Yatta, yatta!

According to Owen Good of Kotaku, “[Fitocracy developers] are of course exploring ideas like mobile applications so you can ‘play’ at the gym; the community constantly asks if nutrition will be integrated into the XP system, and they’re considering that too. The manner in which I created my new weights workout was absolutely intended, and Fitocracy wants to grow that out in the quest system. “Character classes” or something approximating that are also a possibility, for those who want to specialize in, say, running, or weight training, weight loss or toning up or whatever.”

If Fitocracy is as effective an incentive as I currently believe, I may well die from exhaustion in the next couple of months while relentlessly trying to multiclass into a Runner/Leaper. I wish I was pumping iron already. That’s a first.


Update: Reached level 3. Ding! Grats! Ding! Grats!

Delusions of Grandeur

It has proved quite interesting to follow the amount of traffic generation to the site before, during, and in the aftermath of the Tōhoku earthquake. While most of the hits are generated by my mom and the innumerable people she has forwarded my blog to, it’s still encouraging to see that I’m not paying for hosting only for the sake of draining my bank account.


Not surprisingly, public interest in my life multiplied by 40 on the very day the earthquake hit. Then it dwindled for a couple of days until the nuclear scare got out of hand and traffic reached a record number that most likely won’t be surpassed until the first shots of World War III occur in my back yard. Potentially.

The World at Large

After seeing the huge influx in readership numbers during the earthquake crisis I’ve began to follow traffic charts slightly too much, forcing myself to write posts even when I haven’t really felt like it, just to see if I could artificially keep the numbers up. That strategy will now be revised as no matter how much I write, the stories are still aimed at people who at least know me, or are otherwise interested in stalking my life. This severely limits the amount of general traffic to the site, and I don’t really see any reason to change that. Writing about tourism tips is hardly appealing, and writing without inspiration is both taxing and results in lower quality output.

Although I would like to embrace Frank Herbert’s comment on inspiration and looking at my older texts I can agree with most of his views, I have a very difficult time putting words in the right order when I’m in lazy mode. I also recently realized that I usually only get an urge to write when I am bereft of outside distractions or otherwise deep in thought. Most frequently this inspirational time lapse occurs when wandering around aimlessly, getting incredibly frustrated with something or just before falling asleep. Rarely in these situations am I able to write things down on the spot. This dilemma often leads to the dismissal of a topic altogether or the creation of a watered down version later when I eventually reach the needed tools.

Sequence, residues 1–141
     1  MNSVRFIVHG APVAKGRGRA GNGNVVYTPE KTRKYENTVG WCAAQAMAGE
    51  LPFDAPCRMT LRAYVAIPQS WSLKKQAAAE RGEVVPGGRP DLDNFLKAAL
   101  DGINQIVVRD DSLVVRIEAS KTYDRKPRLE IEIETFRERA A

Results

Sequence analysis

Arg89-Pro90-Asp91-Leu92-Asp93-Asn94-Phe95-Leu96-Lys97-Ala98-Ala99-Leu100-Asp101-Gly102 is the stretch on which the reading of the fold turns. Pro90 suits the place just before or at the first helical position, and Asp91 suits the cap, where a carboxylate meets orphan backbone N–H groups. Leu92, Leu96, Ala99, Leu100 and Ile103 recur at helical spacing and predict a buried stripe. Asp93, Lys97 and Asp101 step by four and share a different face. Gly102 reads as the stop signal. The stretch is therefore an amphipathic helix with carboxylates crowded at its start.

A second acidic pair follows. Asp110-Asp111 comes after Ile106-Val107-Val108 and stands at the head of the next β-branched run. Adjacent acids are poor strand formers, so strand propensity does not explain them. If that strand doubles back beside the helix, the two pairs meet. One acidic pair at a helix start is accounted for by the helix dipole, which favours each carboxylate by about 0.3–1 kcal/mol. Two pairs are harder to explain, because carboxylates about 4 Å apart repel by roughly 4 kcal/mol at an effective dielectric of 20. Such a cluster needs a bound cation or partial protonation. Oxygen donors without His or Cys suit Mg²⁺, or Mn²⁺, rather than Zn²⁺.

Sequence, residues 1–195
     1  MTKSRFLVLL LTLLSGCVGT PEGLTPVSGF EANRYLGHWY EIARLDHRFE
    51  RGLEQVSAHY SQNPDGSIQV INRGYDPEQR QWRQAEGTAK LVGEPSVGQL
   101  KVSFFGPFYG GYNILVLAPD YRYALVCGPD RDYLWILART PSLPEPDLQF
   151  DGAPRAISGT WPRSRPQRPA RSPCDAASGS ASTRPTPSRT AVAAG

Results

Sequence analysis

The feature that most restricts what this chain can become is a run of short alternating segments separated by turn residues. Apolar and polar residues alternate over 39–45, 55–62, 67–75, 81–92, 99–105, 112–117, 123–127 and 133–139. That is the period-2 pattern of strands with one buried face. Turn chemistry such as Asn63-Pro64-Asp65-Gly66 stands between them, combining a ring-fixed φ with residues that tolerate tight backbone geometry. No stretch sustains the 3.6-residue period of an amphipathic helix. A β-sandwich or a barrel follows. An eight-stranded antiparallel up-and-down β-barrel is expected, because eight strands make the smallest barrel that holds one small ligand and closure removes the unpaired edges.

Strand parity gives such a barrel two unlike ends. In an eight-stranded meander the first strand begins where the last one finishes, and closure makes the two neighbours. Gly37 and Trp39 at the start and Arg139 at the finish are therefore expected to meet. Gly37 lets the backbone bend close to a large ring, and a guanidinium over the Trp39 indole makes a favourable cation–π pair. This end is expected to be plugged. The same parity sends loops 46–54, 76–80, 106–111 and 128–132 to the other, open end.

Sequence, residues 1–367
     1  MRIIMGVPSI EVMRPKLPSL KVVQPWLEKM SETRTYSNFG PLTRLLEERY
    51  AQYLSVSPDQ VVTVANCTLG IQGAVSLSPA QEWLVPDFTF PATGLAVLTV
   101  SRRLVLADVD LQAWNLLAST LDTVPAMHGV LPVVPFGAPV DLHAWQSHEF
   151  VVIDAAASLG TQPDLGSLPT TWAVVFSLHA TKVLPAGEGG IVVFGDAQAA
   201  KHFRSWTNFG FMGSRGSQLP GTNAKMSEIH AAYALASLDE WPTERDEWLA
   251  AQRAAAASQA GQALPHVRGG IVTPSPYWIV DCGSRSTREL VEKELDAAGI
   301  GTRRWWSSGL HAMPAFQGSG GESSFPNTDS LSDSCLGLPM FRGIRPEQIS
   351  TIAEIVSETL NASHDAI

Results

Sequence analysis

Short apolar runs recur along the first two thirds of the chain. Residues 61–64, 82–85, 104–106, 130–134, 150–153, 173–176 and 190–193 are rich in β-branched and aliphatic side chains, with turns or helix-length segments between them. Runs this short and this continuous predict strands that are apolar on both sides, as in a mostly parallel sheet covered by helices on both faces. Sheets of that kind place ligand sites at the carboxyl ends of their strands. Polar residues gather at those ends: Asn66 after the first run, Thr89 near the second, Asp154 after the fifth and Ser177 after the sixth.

One of the things I really enjoy with writing, and life in general, are quotes. I tend to include them everywhere, much to the chagrin of people around me. Their amount varies strongly by post, but I am quasi-unable to publish any text within which I would not be able to accredit several words or expressions to specific people or situations. Some references are very direct and apparent, while others are taken out of context and surreptitiously hidden from those not concerned. In theory, at the very least. This is also something that I will not give up on, no matter how taxing it is for the reader.

Both my current and former blog contain a wide array of personal, historical, linguistic and pop culture references, which leads to a situation where the full extent and depth of posts can sometimes only be understood by people who enjoy similar hobbies as I do, are very close to me, or at worst (or best), only me. Different people can decipher different things within a post and may feel like missing some others. In the ideal circumstances, readers should be oblivious to not comprehending an obscure reference as they are not meant to notice it in the first place. Maybe some day I’ll be able to write about things that the public at large could care about, but now is not the time.

Enough of this pseudo-artistic nonsense.